That is to say, we are rising above a conception of life in which matter is our master, and yet we are rising above it slowly. This is my chief point here, because by understanding it we see why we still suffer from material afflictions. We have overcome some of them, but only some of them. It is a question of racial development. As we glance backward we see how much of the way we have covered; as we look round on our present conditions we see how much there is still to be achieved.

To diminish fear we should have it, I think, clearly before us that the human race has done as yet only part of its work, and put us in possession of only part of the resources which will one day belong to us. If we could compare ourselves with our ancestors in the days, let us say, of Christopher Columbus or William the Conqueror we should seem in relation to them like children of a higher phase of creation. If we could compare ourselves with our descendants of five hundred or a thousand years, hence we should probably be amazed at our present futility and grossness. Our ancestors in the middle ages could do certain great things, as we, too, can do certain great things; but in general access to the Universal Storehouse which is God, we have made progress in ways unknown to them, as our children will make such progress after us.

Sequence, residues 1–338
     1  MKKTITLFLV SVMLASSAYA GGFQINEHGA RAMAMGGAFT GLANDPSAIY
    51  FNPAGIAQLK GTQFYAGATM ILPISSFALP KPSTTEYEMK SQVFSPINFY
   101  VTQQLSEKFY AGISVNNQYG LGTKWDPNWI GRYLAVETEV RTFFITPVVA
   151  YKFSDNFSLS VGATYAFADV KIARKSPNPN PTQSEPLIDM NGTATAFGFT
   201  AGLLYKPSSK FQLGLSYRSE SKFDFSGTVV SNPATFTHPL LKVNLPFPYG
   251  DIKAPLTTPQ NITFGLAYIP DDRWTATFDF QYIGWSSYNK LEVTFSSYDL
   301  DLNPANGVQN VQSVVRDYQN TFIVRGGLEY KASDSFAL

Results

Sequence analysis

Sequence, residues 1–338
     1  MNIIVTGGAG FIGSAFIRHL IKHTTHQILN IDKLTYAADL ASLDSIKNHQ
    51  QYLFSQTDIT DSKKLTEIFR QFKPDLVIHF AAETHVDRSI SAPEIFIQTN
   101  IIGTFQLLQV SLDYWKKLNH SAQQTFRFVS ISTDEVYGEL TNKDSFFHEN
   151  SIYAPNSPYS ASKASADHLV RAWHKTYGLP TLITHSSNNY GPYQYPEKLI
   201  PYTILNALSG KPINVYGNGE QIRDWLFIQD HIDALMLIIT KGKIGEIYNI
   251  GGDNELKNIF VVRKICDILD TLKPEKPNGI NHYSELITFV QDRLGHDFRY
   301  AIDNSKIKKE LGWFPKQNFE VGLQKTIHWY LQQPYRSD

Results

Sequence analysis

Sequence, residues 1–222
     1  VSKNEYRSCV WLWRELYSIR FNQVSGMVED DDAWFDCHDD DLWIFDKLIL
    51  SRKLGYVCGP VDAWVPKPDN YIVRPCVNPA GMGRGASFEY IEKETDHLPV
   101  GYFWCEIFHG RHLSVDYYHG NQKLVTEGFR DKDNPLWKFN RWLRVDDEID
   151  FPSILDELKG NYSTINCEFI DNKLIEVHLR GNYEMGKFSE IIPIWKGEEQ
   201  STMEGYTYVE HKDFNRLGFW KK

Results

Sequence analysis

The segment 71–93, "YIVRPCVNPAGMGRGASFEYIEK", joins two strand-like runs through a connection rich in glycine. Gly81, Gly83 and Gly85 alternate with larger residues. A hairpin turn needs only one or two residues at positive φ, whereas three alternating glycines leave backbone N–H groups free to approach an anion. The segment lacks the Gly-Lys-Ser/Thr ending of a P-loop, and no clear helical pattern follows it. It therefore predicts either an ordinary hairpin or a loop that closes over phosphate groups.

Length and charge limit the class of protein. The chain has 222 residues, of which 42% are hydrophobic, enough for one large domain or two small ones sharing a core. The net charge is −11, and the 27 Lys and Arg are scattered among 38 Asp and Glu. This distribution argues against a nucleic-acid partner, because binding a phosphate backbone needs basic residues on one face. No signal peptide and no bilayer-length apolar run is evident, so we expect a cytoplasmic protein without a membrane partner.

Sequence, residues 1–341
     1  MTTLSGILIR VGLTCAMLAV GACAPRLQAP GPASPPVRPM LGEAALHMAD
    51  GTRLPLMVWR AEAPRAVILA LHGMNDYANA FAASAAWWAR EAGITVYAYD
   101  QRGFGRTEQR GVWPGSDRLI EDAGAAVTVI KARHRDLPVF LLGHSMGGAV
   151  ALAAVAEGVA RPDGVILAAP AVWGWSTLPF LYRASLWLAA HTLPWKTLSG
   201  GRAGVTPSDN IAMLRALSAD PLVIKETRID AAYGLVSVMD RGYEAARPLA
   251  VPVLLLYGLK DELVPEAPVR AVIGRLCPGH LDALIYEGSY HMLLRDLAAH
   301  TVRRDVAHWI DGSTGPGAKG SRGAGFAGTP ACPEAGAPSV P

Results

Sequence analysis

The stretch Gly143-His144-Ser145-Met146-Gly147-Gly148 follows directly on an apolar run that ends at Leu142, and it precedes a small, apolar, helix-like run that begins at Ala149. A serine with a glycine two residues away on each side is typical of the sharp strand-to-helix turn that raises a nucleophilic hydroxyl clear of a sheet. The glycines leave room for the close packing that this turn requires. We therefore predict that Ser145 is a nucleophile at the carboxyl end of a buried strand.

But we have made only the progress we have made. We have its advantages, but there are advantages to which we have not yet attained. We might liken ourselves to people who have reached the fourth or fifth step of a stairway in which there are twenty or thirty. We have climbed to a certain height, but we are far from having reached the plane to which we are ascending.


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